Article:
Over the last 10 years the EU has developed a robust set of instruments for disaster response. In May this year we opened our Emergency response Centre. Tomorrow Parliament will have the final (hopefully) trilogue on the Commission's proposal to strengthen the EU Civil Protection Mechanism.
But response is only one part of the "disaster management cycle". This Commission is committed to developing a comprehensive disaster management policy and we have taken a series of initiatives to mainstream risk management into the EU's policies and its funding instruments.
1. The revised Civil Protection legislation contains a legal obligation for Member States to prepare risk assessments and risk management plans.
2. EU structural funds will be available for the preparation of these assessments/plans as well as the necessary investments to implement them. There also are provisions to "disaster proof" new investments made by the structural funds.
3. The Commission has proposed a mechanism for "disaster proofing" the major infrastructure projects that are covered under the Environmental Impact Assessment Directive.
4. And in the event of a disaster, the Commission has proposed that payments from the Solidarity Fund can be conditional on the correct implementation of the acquis related disaster management.
5. Disaster management and promoting resilience have been included as priorities for the EU's research funding and new tools for monitoring and forecasting disasters have been developed.
6. Disaster management considerations have also been integrated into a number of the Commission's sectoral policies (transport, energy, climate adaptation).
7. The Commission supported a successful peer review of the UK disaster risk management policy. This approach is being copied by other Member States.
8. With the Publication of a Green Paper in April of this year the Commission has started a process to assess how insurance can be more effectively used as a tool of disaster management.
Much of the work of the Commission over the coming years will be spent on implementing and consolidating these initiatives. But this remains a very young policy area and there is still a lot of work to be done. I would like to conclude by flagging three areas that I will be focussing on during the rest of my mandate:
1. We will mainstream Disaster Risk Management into both the Commission's humanitarian and development funding. In the short term this means ensuring that resilience features prominently in the on-going programming of the 11th EDF. In particular we need to maintain our commitment to building resilience in the Horn of Africa and the Sahel. There will be droughts in the future. But if we invest in resilience there is no reason why these need result in humanitarian disasters.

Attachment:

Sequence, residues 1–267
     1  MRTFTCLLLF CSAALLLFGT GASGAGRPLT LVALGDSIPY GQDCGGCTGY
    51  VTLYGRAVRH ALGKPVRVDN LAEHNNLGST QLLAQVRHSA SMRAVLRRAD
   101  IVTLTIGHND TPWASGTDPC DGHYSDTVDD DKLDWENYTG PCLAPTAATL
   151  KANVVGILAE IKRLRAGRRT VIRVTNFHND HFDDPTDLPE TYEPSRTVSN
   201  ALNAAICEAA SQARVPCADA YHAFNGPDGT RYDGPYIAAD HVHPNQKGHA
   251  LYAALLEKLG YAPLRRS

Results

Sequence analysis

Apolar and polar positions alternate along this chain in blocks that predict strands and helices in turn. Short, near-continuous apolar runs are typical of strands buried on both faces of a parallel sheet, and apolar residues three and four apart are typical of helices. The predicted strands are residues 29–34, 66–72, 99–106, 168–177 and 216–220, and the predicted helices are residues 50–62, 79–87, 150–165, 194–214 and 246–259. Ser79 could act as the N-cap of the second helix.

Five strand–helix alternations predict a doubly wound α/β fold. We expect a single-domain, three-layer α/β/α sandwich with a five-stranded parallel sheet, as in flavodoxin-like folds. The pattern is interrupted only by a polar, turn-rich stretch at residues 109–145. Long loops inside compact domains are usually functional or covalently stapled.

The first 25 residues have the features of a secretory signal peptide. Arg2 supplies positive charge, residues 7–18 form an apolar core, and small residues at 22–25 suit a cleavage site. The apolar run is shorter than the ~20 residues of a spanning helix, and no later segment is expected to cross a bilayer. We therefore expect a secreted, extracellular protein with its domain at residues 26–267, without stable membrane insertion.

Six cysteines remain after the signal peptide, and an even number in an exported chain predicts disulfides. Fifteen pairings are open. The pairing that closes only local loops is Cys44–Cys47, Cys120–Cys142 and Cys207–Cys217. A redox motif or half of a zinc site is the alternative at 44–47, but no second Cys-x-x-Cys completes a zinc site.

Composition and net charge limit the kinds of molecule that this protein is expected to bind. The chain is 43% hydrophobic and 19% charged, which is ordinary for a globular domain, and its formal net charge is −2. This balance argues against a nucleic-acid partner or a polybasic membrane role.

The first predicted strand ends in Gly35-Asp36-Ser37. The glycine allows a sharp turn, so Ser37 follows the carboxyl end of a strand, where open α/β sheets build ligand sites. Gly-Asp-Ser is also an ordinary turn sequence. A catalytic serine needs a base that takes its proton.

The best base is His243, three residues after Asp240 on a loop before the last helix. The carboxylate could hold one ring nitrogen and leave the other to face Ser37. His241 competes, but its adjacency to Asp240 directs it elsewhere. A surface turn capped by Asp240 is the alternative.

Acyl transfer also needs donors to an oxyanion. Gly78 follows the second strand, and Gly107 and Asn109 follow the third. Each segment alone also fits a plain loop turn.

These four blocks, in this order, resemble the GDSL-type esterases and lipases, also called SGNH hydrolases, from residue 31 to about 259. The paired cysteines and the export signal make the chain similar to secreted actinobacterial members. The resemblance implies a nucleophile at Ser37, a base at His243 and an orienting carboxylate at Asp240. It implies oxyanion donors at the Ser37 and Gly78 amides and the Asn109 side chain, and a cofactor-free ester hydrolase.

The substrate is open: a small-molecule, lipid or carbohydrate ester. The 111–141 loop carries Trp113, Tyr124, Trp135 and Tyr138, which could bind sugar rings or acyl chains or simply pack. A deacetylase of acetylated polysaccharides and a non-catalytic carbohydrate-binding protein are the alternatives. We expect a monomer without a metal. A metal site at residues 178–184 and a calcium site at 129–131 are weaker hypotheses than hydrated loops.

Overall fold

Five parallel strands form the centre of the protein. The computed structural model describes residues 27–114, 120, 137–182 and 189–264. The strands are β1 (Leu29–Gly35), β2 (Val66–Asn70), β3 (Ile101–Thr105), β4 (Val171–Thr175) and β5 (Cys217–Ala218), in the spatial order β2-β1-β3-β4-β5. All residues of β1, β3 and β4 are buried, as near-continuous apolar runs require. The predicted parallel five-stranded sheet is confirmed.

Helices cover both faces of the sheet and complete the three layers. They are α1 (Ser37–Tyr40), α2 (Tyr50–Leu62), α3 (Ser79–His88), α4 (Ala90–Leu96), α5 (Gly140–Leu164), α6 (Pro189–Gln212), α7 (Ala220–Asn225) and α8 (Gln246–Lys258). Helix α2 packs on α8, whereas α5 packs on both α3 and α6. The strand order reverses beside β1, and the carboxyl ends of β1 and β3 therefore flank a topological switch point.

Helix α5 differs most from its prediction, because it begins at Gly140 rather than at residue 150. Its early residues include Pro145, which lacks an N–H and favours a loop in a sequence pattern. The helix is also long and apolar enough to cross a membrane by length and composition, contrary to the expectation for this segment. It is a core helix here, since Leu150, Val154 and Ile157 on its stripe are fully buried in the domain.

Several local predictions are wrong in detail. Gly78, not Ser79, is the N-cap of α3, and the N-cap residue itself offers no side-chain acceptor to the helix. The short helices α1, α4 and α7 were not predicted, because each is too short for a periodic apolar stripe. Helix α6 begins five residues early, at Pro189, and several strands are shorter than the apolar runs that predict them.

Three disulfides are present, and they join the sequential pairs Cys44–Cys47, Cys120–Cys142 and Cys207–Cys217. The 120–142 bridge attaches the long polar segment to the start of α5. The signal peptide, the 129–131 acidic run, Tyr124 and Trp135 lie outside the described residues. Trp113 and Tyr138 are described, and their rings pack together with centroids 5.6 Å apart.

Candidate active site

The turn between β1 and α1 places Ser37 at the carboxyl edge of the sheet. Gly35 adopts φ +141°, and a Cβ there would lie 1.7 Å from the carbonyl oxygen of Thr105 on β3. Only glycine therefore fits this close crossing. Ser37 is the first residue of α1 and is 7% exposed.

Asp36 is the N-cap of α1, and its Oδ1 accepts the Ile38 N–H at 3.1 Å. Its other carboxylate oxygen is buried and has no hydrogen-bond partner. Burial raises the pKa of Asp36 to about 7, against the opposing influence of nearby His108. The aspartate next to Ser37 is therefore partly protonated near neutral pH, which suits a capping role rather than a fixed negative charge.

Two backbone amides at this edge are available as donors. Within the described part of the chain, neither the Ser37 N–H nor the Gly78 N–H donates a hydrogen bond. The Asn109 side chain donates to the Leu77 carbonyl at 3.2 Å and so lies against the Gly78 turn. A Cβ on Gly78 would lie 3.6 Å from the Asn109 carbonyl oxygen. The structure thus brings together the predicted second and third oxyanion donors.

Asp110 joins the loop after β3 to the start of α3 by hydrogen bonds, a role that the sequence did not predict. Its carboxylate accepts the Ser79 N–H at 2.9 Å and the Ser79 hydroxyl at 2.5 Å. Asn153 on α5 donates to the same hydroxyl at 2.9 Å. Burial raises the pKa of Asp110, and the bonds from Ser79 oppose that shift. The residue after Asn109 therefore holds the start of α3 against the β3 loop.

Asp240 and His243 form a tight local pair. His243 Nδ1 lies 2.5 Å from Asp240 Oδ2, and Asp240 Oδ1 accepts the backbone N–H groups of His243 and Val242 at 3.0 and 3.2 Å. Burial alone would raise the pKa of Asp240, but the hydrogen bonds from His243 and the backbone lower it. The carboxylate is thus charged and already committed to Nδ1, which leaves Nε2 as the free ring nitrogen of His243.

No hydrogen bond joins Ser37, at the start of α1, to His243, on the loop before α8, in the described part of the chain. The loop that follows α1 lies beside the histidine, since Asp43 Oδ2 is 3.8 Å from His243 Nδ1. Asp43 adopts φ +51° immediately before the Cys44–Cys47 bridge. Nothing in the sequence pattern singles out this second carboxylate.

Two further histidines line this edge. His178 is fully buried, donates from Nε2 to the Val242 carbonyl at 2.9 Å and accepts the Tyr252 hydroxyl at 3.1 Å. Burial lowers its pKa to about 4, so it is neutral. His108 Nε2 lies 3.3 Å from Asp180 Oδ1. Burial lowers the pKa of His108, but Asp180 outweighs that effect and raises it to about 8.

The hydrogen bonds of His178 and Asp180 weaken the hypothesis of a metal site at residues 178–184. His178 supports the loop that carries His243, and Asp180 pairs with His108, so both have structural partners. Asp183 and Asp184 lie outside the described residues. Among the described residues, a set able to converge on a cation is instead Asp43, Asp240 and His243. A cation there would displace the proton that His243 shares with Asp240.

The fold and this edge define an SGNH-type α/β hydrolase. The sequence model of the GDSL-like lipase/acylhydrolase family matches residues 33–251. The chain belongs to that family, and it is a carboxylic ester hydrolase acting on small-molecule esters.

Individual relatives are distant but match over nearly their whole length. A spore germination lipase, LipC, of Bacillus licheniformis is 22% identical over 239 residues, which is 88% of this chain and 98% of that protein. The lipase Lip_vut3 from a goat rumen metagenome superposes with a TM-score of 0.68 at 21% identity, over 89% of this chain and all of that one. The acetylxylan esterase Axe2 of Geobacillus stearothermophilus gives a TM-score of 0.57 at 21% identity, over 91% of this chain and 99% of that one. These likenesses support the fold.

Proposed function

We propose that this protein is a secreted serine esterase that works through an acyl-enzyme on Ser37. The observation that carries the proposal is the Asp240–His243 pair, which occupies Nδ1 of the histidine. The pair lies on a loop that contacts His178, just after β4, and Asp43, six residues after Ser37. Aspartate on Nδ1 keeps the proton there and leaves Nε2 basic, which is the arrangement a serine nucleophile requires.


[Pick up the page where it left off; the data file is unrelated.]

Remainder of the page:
2. Successful disaster management is a part of successful economic management. This point was underlined last year by Christine Lagarde when she spoke at the Sendai Dialogue. We need to place disaster management firmly on the agenda of finance ministers and the economic governance of the EU should take these issues into account. We also need to engage more closely with industry to maximise their contribution (and to maximise the opportunities for European businesses to benefit from this growing sector).
3. Last we need a strong international framework to guide and support global efforts. The Hyogo Framework for Action and the work of the UNISDR have been inspirational. We need to build on this and Europe should take a leading role in ensuring that the successor to the HFA is both robust and ambitious. We also need to make sure that the issues of disaster management are fully taken into consideration when developing the Sustainable Development Goals.
Ladies and Gentlemen, colleagues
Two years ago we were still making the argument that disaster management was an issue that needed to be taken seriously. I think that, for the most part, these arguments have been won.
By working together we started to put in place a policy framework that addresses the increasing fragility of our world. And by linking EU legislation with EU funding I believe that our policies do have teeth. The challenge now is implementing them so that they also have legs.